Antec P180 Review, Part 2: The Whole Nine Yards

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The lower drive bay contains a small box that holds the larger accessories and the manual.

A small box of accessories is wedged into the lower drive bay.

In addition to the top spoiler, it contains two sets of drive rails, a warranty sheet, and the manual.

Many of the important accessories, however, are kept elsewhere. Small accessories — screws, motherboard standoffs, and spare grommets for the drive bays — are kept in the accessory box affixed to the back of the upper drive cage. The remaining drive rails are clipped onto the exterior of the VGA duct, where they are easily accessible.

The upper drive cage has to be removed to access the accessory box.

A full complement of hardware for installing the motherboard, the drives, and even extra fans is included.


It is worth reiterating this information from the P180 Overview article:

The stated goals for the P180:

  • To develop a case incorporating hybrid composite panels with practical and effective silencing techniques in a tower-style size that can accept a full range of standard PC components; a case that will be quiet even with ordinary components, and approach 20 dBA/1m SPL with carefully selected components.
  • To be a great solution for power users who want ultimate cooling with the hottest current desktop PC components, as well as for silencers who seek minimal noise, in an understated, modern, elegant style.

There were many principles applied to the P180. The following were central:

  • Create separate chambers for better thermal management with less airflow.
  • Ensure simple, direct, low-impedance airflow paths.
  • Use damping and mechanical decoupling whenever possible to minimize vibration transfer.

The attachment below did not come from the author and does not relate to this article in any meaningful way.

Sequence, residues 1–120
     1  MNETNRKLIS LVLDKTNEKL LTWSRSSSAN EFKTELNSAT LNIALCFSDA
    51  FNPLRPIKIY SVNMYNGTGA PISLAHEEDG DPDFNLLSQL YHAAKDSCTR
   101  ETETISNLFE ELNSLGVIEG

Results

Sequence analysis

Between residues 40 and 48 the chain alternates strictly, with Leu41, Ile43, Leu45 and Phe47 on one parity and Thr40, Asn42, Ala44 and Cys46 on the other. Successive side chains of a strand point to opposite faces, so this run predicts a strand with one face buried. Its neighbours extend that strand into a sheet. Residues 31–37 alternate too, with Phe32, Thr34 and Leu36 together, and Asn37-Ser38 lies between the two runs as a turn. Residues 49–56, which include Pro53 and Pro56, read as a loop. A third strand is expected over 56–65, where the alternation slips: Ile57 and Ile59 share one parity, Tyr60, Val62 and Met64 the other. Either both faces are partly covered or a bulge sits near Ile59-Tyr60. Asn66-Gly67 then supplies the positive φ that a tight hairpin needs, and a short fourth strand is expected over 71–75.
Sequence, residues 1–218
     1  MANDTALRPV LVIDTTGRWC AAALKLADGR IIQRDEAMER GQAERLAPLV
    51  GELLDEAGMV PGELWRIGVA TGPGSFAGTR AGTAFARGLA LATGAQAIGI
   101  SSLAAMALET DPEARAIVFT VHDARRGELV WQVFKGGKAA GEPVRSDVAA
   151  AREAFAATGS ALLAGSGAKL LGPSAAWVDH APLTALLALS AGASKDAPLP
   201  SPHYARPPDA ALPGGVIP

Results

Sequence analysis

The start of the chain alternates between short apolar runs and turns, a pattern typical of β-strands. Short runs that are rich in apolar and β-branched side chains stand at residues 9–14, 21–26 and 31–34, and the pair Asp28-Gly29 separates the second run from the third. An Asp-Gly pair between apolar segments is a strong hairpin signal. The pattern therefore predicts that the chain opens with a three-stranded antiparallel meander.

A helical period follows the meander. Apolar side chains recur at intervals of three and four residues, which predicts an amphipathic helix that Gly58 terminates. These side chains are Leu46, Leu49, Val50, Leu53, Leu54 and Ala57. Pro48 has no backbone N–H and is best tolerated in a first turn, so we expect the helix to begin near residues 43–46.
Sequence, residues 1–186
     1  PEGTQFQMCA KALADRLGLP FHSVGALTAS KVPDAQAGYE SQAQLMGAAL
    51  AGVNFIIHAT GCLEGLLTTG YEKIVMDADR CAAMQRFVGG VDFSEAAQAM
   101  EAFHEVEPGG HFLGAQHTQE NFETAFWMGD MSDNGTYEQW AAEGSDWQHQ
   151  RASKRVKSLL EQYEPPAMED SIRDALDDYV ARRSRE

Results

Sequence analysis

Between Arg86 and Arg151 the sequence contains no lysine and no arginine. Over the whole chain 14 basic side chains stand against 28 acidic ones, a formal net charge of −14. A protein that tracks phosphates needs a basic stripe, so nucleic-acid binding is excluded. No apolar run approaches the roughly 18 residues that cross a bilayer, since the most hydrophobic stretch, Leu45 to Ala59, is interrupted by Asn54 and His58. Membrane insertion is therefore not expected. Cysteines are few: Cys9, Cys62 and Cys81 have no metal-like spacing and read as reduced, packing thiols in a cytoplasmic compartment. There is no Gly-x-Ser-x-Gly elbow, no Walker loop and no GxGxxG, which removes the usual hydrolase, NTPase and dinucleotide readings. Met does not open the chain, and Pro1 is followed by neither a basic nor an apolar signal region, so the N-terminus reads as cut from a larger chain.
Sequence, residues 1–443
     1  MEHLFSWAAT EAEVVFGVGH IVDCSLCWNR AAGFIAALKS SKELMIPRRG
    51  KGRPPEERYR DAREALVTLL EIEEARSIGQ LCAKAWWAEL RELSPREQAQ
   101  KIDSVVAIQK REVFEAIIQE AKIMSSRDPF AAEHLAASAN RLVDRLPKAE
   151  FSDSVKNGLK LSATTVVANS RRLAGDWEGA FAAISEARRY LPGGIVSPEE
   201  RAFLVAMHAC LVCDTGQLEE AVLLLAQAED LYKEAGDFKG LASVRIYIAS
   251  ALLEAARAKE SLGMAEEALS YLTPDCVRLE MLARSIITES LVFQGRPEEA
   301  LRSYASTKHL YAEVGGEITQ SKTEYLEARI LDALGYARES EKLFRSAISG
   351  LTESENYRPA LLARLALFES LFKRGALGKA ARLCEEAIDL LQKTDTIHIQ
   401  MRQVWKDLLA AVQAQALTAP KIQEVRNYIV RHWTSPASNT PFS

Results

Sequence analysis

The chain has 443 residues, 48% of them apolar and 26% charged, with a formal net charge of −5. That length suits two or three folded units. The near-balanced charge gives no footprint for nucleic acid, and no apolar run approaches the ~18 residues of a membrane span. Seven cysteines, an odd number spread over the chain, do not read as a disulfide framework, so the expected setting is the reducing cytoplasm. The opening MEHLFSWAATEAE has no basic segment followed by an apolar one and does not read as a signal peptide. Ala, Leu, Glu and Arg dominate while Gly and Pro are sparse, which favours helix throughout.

• Keep any noise at the back of the case as much as possible.
  • The front bezel must be transparent for airflow yet prevent direct escape paths for noise.
  • Use Antec's unique multi-layer plastic/aluminum composite for the main outer panels to eliminate panel vibration.

Core Thermal Design

The positioning of the power supply and the 4-bay hard drive cage in the separate bottom compartment is a key aspect of the P180's design. There is a fan mounting spot — and a supplied 120 x 38 mm 3-speed fan — but the fan really only needs to be used with a fanless power supply. In normal use, virtually any fan-cooled PSU should draw enough air from the front vent of the bottom chamber to keep the hard drives cool. It should also have no trouble keeping itself cool without ramping up in speed.

From a thermal point of view, this arrangement is highly efficient in that the airflow of the PSU fan is used not only to cool itself but also the hard drives. At the same time, the heat of the PSU and hard drives are not adding to the heat of the CPU and video cards, which are the primary heat producers in today's PCs.

A top quality PSU will convert >80% of the AC power it draws into DC power. The remaining <20% of energy gets wasted as heat inside the power supply, which is what makes them get hot. If you have an 80% efficiency power supply and your system needs 200W DC during maximum peaks, then the PSU draws 250W AC, 50W of which converted to heat in the PSU. Hard drives rarely consume more than about 10W average in actual operation. If we assume two hard drives, the total heat in the PSU / HDD chamber or tunnel will not go above 70W. This is a small amount of heat to be evacuated through this free-flowing air tunnel.

Following this example, in a conventional ATX case where the power supply is positioned at the top, the 50W of heat from the PSU would be within inches of the hot CPU, which could easily be producing 100W of heat. The CPU and PSU would affect each other; both would run hotter, and any thermally controlled fans (in the PSU, on the CPU heatsink) would tend to ramp up faster. The 20W from the HDDs would also be added to the overall heat in the case, adding to the thermal load. With the P180's separate PSU / HDD chamber, the thermal load on all the components and on the airflow / cooling system is considerably reduced.

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